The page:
From writing an “improv musical” to penning Bach-inspired pop tunes for a show at the Citadel Theatre, Morgan McKee is proving it’s possible to be a busy jazz musician in central Alberta.
“My work is rewarding and I get to play the piano every single day, so I’m living the dream,” said the 48-year-old Red Deer pianist, musical arranger, composer and recording engineer.
McKee has been spreading his multiple talents throughout the province and has so much work lined up, his calendar is full until the end of the summer.
His day job is head of district sales, as well as musician, arranger and recording engineer at Themes and Variations Musicplay — a Red Deer company run by Denise Gagne that sells recorded music and other teaching supplies to schools across North America and 26 other countries.
But when McKee isn’t putting together video and audio recordings for schools, he will be composing and arranging for an upcoming production of Pride and Prejudice for Mieko Ouchi. It opens March 11 at the Citadel Theatre in Edmonton.
Ouchi, a ground-breaking director who previously worked with Theatre Studies at Red Deer College, wants to bring a modern sensibility to the Jane Austen classic. “She’s sending me these 2021-22 pop songs and asking me to make them sound a little Bach,” said McKee, with a chuckle.
In April, he will be co-writing — or rather co-inventing — along with Ash Mercia, possibly the world’s first improvisational musical for Bull Skit Comedy.
So what is an improv musical? McKee expects the musicians and improvisers will take cues from each other. “They might be doing a scene where they burst into song,” he suggests — or the musicians might slow down or speed up the tempo, based on whatever’s happening on stage.
Alongside this work for Bull Skit, McKee plays a behind-the-scenes role as music director and vocal coach with Lindsay Thurber and Notre Dame High Schools on their musicals Head Over Heels and Matilda, which open in February and March.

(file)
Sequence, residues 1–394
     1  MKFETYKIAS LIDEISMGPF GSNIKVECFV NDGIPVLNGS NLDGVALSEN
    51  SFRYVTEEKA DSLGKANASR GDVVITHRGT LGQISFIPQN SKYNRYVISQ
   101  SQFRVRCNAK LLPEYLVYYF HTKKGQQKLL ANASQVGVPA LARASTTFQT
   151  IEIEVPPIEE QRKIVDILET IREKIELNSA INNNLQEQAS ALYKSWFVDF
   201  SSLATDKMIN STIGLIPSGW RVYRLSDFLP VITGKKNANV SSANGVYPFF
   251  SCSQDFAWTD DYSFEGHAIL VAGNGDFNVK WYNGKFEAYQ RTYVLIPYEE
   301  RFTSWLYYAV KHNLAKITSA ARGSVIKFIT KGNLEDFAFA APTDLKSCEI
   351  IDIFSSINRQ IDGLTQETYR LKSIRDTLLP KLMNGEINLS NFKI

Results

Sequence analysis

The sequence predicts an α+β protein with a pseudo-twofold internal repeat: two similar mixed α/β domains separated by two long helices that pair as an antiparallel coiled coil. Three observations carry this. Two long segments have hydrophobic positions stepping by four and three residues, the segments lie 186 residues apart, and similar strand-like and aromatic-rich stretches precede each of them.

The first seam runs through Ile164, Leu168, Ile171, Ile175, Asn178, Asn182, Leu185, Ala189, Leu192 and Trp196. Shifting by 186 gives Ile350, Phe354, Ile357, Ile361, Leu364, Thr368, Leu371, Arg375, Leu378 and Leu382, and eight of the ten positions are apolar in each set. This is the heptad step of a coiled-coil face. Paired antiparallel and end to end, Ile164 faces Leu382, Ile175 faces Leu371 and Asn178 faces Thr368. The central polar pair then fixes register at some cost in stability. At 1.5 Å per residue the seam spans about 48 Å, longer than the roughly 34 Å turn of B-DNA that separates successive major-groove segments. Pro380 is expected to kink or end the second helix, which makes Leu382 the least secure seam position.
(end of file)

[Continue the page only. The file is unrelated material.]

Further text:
McKee said he loves working with young people and contributing towards their education. After 14 years of these high schools gigs, he added, “some of the students will still contact me and share what’s going on with their lives.”
He also regularly performs with professional musicians in various jazz trios. And now and again, McKee will also work with the Red Deer Symphony Orchestra. Most recently, he pulled off a memorable onstage demonstration of how the musical forms ragtime evolved into blues, jazz and Dixieland during the January concert at the Red Deer Polytechnic Arts Centre.
This summer, he plans to teach teenage musicians from across Western Canada as co-director of a jazz workshop a MusiCamp Alberta at Red Deer Polytechnic.
McKee also expects to help out friends and fellow jazz musicians Eric Allison and Cheryl Fisher with the Jazz at the Lake festival in Sylvan Lake since he joined the board of directors.
As if that wasn’t enough career juggling, McKee, who has composed and arranged a video series for the Fairmont Hotel chain, regularly fulfills commissions from Banff-Canmore artists Bridget Ryan and Jason Carter.
The graduate of the Berkeley School of Music in Boston, credits his partner, local choreographer Elisa Nixon, for supporting him through all of his endeavours. “I think I have a balanced life, but Elisa might not think so!”
His son, Rainier McKee, 13 has been working his way into the music business as a drummer for the Red Deer Royals and the Lindsay Thurber band.
And McKee’s sister, Mandy McKee, is an accomplished singer who recently collaborated with the RDSO.
Morgan admitted neither he, nor his parents, know where all of this family talent springs from. But he knows the key to making a successful living as a musician in central Alberta is to immerse yourself in the region. Besides creating your own opportunities, “you have to become part of the community and get to know people,” he added.
“You definitely can’t sit back and wait for stuff to happen — I know there isn’t a lot of sitting around for me!”
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